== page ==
Breast Cancer Clinical Trial
A Research Study for Latina Women Undergoing Breast Cancer Treatment
The purpose of this study is to examine the effects of a developed psychosocial eHealth intervention on the proposed primary outcomes, health-related quality of life and symptom burden, among Hispanic breast cancer patients.
The intervention components include breast cancer knowledge, stress awareness and management, social support, and enhanced communication and intimacy skills. The intervention will be delivered via a Smartphone application over a 12-week period.
Participants are randomized into either an intervention application (described below) or standard treatment. Aside from using the Smartphone application for the recommended 12 weeks, participation in this study includes three assessments: baseline (at the beginning of the research study), 6-week follow-up, and 12-week follow-up.
Among Hispanics, the largest and fastest growing ethnic minority group in the U.S., cancer is the leading cause of death whereas cardiovascular disease is the leading cause of death for African Americans and non-Hispanic Whites (NHWs). Hispanics also experience substantially lower rates of 5-year cancer-specific survival relative to non-Hispanic Whites (NHWs). Hispanic cancer patients in the U.S. also report significantly worse cancer-related symptom burden and health-related quality of life (HRQOL) than NHWs, even after adjusting for socioeconomic factors.
Despite this, very few randomized, intervention studies have specifically targeted cancer-related symptom burden and HRQOL outcomes among Hispanic women, especially during active treatment, which is a critical period to intervene to provide skills and tools to assist with cancer care. Innovative approaches to providing interventions such as Smartphone technology are especially important for this patient population. Ubiquitous Smartphone use among ethnic minorities in the US provide a unique opportunity to implement a pragmatic technology- and evidence-based psychosocial intervention that overcomes some access to care barriers as well as time and logistical constraints. Furthermore, given that Hispanics own Smartphones and seek health information online from a mobile device at similar or higher rates than other groups in the U.S., Smartphone interventions offer an opportunity to overcome obstacles to accessing resources and services that can be culturally informed and provide skills to improve symptom burden and HRQOL.
This study aims to create and evaluate a culturally informed eHealth psychoeducational and psychosocial intervention for English or Spanish-speaking Hispanic women undergoing treatment for breast cancer. This intervention is grounded in evidence-based paradigms to improve the proposed Primary Outcomes: Cancer-Related Symptom Burden and HRQOL and the proposed Secondary Outcomes: usability and markers the intervention use. This study is designed to develop and test a Smartphone-based intervention that can be disseminated to cancer patients at a relatively low cost. This study designed as a 12-week randomized trial intended to evaluate the eHealth intervention when compared to a control condition. It is hypothesized that the eHealth intervention will significantly improve cancer-related symptom burden and HRQOL compared to the control condition.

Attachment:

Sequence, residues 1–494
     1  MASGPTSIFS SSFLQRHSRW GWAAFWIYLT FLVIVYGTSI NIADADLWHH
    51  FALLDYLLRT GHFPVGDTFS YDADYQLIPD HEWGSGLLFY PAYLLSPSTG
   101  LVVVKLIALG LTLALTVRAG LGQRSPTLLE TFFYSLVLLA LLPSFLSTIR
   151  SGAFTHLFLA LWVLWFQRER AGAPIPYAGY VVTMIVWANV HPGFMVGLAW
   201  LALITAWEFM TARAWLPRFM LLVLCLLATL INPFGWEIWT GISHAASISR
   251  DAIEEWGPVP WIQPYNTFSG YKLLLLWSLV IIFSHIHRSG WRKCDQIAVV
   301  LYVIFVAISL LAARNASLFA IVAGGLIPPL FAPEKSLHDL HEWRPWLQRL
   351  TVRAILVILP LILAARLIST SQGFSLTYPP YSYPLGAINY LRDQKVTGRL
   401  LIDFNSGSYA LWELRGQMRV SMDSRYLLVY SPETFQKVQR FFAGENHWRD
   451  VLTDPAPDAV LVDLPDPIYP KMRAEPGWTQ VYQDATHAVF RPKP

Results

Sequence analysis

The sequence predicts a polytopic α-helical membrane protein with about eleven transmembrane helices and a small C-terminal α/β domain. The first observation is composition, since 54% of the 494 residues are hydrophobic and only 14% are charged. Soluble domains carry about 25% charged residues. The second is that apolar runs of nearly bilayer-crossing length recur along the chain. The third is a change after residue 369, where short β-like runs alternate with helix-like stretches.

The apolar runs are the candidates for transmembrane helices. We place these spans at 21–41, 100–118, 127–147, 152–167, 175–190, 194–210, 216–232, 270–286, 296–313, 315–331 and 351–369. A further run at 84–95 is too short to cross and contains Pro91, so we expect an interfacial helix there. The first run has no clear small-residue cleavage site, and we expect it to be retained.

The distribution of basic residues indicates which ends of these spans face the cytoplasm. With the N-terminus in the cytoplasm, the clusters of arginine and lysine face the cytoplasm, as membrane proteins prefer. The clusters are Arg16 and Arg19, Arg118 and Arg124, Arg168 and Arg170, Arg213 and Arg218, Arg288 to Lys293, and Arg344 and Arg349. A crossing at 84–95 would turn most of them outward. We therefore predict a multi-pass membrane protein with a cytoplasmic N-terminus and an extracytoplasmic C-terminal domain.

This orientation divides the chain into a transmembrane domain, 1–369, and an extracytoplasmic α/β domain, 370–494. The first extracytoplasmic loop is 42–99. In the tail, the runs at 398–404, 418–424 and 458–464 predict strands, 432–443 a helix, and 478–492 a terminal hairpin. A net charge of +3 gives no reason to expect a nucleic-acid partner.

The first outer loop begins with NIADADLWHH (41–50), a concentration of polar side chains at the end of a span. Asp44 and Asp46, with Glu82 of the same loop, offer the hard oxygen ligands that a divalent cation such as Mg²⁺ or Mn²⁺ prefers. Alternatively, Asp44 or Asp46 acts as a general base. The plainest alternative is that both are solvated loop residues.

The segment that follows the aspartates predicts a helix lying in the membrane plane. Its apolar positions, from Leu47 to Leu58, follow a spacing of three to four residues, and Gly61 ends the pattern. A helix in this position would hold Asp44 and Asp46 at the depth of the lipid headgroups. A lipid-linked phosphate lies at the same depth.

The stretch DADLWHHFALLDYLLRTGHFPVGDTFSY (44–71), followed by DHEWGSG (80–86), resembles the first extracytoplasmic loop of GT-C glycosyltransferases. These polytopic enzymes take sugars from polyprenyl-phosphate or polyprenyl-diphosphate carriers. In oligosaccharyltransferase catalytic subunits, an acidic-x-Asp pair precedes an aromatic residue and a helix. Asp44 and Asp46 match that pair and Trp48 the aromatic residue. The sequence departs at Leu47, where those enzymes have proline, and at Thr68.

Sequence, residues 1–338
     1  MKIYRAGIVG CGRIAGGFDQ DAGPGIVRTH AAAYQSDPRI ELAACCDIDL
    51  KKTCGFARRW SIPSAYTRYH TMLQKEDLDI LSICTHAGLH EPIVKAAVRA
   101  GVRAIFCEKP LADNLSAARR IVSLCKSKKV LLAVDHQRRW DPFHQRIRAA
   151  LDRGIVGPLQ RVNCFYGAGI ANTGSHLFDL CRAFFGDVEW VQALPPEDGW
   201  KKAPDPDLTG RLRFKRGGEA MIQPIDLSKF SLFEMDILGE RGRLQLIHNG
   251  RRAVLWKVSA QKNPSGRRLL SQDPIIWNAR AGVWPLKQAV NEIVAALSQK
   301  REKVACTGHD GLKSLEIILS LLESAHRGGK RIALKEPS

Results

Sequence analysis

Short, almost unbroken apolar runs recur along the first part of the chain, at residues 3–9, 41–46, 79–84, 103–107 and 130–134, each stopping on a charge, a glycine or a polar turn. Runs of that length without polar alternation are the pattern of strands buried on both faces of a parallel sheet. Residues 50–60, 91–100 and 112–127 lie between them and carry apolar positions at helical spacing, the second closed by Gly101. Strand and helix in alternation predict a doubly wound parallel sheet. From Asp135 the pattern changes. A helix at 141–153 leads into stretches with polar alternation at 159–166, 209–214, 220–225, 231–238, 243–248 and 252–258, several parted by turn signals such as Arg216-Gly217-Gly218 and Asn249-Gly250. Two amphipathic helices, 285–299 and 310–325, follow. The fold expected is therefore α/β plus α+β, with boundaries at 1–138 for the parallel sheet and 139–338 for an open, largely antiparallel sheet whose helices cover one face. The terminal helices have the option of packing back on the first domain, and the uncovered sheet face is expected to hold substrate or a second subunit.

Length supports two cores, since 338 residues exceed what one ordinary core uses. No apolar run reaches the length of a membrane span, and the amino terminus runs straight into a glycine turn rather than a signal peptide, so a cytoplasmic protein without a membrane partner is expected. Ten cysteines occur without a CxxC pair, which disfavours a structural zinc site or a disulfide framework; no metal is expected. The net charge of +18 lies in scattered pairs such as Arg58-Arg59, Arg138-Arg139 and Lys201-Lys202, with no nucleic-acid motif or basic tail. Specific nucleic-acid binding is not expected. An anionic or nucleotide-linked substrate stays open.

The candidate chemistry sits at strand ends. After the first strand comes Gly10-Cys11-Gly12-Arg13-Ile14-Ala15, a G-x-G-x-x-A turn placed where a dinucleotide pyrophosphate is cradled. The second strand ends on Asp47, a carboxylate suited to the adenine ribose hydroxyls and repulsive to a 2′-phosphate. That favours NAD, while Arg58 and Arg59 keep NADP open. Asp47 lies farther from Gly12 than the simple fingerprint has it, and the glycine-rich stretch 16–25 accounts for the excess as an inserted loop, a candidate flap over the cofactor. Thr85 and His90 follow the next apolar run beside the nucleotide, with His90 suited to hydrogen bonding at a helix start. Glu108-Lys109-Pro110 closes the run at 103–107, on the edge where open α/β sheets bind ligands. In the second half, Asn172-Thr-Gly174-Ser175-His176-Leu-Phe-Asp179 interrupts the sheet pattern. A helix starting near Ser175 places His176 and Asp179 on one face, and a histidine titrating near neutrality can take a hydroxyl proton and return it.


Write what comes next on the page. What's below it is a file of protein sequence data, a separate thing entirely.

Diagnosis of breast cancer, non-metastatic, stage 0-IIIA; for women diagnosed with stage 0, either radiation or chemotherapy is required as an additional treatment to surgery
Currently undergoing cancer treatment [e.g., surgery, chemotherapy, radiation, or combination of the two or three]
at least 21 years of age
Able to speak and read English or Spanish
Able to provide informed consent
Elevated score on breast cancer symptom burden and HRQoL, measured by the Functional Assessment of Cancer Therapy-Breast questionnaire using an established cut-off score for clinically meaningful, compromised HRQoL
Self-identified Hispanic/Latina ethnicity.
Visual, hearing, voice, or motor impairment that would prevent completion of study procedures
diagnosis of an unmanaged psychotic disorder, bipolar disorder, dissociative disorder, or other diagnosis for which participation in this trial is either inappropriate or dangerous - this includes patients who have life-threatening illness (e.g., end-stage kidney disease) or diagnosis of a chronic disease that is associated with a major functional impairment (e.g., fibromyalgia)
Illicit substance or alcohol dependence
Suicidal ideation, plan, intent
Alzheimer's, dementia or history of stroke
Scheduled reconstruction surgery within 1 month of any study procedures or involvement.
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There is 1 Location for this study
Chicago Illinois, 60611, United States
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